On this point, the Fordham Institute is correct:  the standards are not a curriculum.  The standards themselves don’t say what bodies of knowledge children must be learning while the teacher leads them towards the learning goals described in the Common Core Standards.

There is a back door for a national curriculum, however.  It’s in Appendix B, where the Common Core authors suggest texts.  They are only suggestions, of course.  So what’s wrong with that?

Well.  Who decides whether to use those suggestions?  The teachers?  Nope.  If the classic novel that they have taught for years is no longer deemed to be in their students’ Lexile level, then it is not allowed to be taught.  The districts and states may be claimed to have authority, since they are the ones choosing the textbooks, i.e., the curricula.  Here we encounter another back door, however.  It’s not like there is a lot of diversity in textbook choice these days.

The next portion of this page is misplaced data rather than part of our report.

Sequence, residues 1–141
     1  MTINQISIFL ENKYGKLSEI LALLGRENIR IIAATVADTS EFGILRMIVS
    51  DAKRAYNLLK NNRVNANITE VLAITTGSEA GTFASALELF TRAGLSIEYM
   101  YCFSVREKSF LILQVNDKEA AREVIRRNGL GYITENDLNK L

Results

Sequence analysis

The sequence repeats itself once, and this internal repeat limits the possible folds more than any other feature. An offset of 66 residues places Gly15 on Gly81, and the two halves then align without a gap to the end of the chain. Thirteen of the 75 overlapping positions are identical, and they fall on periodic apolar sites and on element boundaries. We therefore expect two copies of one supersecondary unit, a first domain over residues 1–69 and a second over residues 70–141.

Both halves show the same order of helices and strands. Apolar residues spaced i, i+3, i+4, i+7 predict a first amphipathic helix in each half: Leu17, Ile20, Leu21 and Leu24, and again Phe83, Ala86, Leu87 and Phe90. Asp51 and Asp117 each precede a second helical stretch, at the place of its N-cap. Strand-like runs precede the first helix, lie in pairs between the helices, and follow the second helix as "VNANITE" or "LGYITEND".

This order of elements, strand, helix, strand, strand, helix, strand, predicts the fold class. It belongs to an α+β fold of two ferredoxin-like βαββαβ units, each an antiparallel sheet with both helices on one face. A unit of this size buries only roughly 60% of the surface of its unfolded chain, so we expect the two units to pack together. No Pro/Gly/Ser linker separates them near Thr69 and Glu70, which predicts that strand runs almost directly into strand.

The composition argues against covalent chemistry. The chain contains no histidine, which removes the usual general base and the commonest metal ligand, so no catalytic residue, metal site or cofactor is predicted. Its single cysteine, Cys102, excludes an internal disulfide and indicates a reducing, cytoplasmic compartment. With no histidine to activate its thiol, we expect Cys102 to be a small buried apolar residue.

And guess what the “Big Three” are doing these days?  That’s right, becoming Common Core Aligned, and adopting the curricula suggestions in the Common Core appendix.  Handy that.  Common Core proponents can claim that nothing is forced, because it’s not forced.  It’s just orchestrated.

The whole point of “forced v. orchestrated” is a mere side issue, anyway–a distraction from the real problem.  Regardless of how voluntary and/or well-meaning Common Core is or is not, the real problem is the fact that the Common Core Standards are garbage.  Common Core Standards will serve only to further calcify an education system that is already rigid with bureaucratic bloat.

Linda

P.S. Did you notice the reference in FACT #4 to Common Core Standards as “higher?”  What the devil happened to FACT #2:  “The benchmarks are a floor, not a ceiling?”

These education experts can’t seem get through a single memorandum without contradicting themselves.